Specialized have recently come out with a new version of the Roubaix, and thankfully it is a huge departure from the old versiom. The old Roubaix I always thought was a little ugly, even if it has the same name as the mightiest of bike races to be held every year.
The Roubaix looks actually pretty similar to a normal road bike. The weird Zerts inserts that made the whole bike look weird before are gone, in fact the whole bike has been re-designed from the ground up. The Roubaix is a really well thought out bike, with features that speak loudly towards it’s endurance focussed geometry. The most obvious feature is the future shock in the front end, but when you look a little closer you also see the seat clamp a lot lower down the seat tube. The point where the seat post enters the frame only has a rubber seal to keep some water and dust out. This allows a lot more of the post to come into play to keep your backside comfy. The riser hover bars help lift the front end a little more to give that more relaxed feel, expected of an endurance bike. Even the tool kit placed over the bottom bracket is a great little thought, to keep some weight lower, and tuck your spares out of the way.
I was able to ride the Expert model, equipped with a full Ultegra Di2 groupset, hydraulic disc brakes and DT Swiss R470 wheels.
Immediate impression when riding this bike is that it is smoooooooth. Barry White smooth. Peter Sagan descending a French mountain smooth. Ryan Reynolds running his hands through his fingers in slow motion, whilst wearing just a towel on a beach at sunset smooth… The ugly CB-R seatpost mixed with the re-positioned clamping point means the back end is super compliant. But this is overshadowed by the future shock which easily hums along, soaking up the terrain. I was dubious about how much the shock would move before experiencing the bike, but it is easily able to be actuated when stationary. On the road it creates a very, VERY soft ride. To the point that I started actively looking for rougher parts of the road to ride on. Speedhumps, recessed man-hole covers, after a while I started riding on the gravel verge of the road! But it’s not sluggish like riding a hardtail mountain bike, the BB is still stuff (which is threaded btw, pressfit BB’s can EAD), the bike is still light, and it has road bike geometry. The Roubaix just glides smoothly and comfortably over the road, no matter how rough the road is.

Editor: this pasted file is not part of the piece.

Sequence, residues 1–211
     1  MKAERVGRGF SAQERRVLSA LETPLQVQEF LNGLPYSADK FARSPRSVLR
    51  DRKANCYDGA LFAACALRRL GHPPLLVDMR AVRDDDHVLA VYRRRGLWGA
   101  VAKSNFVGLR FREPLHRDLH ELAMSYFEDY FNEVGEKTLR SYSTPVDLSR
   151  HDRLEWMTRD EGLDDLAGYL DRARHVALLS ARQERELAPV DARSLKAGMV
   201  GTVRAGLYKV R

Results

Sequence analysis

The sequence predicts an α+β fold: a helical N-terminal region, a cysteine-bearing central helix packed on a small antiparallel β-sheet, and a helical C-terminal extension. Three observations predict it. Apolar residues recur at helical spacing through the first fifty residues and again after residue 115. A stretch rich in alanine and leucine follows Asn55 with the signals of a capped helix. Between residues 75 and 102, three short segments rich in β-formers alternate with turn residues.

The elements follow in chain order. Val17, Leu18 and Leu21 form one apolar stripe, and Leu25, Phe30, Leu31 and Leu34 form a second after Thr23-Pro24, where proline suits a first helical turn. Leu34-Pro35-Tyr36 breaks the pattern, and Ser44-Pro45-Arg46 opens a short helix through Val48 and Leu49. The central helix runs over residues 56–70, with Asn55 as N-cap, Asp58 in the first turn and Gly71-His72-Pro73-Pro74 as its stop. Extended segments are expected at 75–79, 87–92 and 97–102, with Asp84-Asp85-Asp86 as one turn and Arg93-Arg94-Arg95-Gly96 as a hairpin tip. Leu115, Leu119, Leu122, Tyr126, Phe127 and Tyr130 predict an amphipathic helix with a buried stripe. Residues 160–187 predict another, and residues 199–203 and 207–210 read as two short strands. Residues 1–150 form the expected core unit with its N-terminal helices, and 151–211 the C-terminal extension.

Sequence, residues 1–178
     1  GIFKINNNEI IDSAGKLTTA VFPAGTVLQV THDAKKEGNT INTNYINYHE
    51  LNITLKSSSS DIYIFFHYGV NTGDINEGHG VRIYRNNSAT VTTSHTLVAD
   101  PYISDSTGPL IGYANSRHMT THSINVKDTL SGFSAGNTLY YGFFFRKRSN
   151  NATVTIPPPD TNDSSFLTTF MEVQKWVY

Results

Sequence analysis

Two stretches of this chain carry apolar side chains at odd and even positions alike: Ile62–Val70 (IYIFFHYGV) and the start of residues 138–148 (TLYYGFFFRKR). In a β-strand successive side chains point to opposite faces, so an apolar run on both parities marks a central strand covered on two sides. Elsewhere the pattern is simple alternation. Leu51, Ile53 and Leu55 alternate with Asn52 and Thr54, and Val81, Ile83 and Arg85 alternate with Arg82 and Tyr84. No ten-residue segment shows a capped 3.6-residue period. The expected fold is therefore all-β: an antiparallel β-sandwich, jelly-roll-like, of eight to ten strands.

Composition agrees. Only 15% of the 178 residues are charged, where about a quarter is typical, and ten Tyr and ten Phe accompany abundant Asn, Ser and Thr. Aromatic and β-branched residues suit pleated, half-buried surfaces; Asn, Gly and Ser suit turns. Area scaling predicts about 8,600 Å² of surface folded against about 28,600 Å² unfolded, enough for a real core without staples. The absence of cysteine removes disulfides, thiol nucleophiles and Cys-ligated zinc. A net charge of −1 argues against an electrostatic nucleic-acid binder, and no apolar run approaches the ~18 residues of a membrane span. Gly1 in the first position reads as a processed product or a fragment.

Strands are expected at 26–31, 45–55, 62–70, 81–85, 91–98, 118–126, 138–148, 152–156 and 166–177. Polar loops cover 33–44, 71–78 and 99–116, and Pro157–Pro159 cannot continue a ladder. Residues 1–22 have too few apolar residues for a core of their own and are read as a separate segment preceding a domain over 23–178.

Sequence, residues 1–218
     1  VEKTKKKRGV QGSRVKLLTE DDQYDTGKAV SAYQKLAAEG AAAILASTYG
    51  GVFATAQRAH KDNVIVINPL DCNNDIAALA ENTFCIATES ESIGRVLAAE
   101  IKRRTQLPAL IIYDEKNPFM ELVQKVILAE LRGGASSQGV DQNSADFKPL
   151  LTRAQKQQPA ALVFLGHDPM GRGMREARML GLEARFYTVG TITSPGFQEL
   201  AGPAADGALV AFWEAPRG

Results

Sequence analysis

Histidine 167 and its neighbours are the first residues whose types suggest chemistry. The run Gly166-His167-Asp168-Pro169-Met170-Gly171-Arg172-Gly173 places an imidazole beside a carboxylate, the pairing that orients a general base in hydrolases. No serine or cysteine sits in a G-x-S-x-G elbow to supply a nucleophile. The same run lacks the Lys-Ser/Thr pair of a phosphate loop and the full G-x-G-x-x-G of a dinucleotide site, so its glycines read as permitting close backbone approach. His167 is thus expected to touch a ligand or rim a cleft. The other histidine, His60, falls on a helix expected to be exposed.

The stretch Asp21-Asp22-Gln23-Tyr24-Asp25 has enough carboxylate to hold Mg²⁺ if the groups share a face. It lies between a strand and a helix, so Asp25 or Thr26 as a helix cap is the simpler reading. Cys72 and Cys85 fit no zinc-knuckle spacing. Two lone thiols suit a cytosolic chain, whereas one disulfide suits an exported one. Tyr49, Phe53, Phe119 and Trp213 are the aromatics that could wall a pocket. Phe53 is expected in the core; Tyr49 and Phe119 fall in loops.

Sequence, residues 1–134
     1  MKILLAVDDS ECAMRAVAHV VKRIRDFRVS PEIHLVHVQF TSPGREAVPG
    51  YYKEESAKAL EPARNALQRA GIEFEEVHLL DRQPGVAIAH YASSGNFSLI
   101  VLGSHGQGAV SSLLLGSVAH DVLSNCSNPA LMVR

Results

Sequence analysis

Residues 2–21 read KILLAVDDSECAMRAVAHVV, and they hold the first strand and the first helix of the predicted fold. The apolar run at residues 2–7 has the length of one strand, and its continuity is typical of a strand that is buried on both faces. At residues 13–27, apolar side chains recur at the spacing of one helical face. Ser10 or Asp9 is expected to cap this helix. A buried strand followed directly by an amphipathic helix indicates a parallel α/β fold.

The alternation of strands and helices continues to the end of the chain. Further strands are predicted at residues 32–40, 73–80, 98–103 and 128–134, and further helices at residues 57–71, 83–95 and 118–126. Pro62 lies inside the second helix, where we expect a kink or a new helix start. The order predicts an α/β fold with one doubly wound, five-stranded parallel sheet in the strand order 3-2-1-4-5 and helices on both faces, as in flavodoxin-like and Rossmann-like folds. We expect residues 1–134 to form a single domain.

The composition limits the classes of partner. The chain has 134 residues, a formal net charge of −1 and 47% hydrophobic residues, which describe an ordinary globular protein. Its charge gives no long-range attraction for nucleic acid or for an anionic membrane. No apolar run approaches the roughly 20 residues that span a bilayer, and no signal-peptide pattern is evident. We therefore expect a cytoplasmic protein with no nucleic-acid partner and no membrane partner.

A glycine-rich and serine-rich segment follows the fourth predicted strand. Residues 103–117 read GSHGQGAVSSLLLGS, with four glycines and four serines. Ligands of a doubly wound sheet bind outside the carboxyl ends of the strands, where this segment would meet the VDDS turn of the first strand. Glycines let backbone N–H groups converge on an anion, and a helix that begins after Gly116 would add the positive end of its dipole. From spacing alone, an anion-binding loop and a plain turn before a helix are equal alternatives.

But the bikes still climbs really well. I’m sure theoretically the shock takes some efficiency out of your climbing speed, but I sure as hell didn’t notice, instead I was able to climb comfortably both seated and standing. This is thanks to a massive down tube, wrapped around a very meaty bottom bracket, which transitions to some very substantial chain stays. This bulky core of the frame is what allows the bike to maintain the strength it needs to ride so very well. It is more amazing that the bike rides so smoothly, given how stiff the frame is. Seated and standing with this strong core of the chassis, climbing is as effortless as a you could ask for. Yes it’s not a 6km featherweight, pure climbing bike, but this bike easily accommodates a rising gradient. That’s not even a ‘it climbs well despite xxx’, the bike climbs well full stop.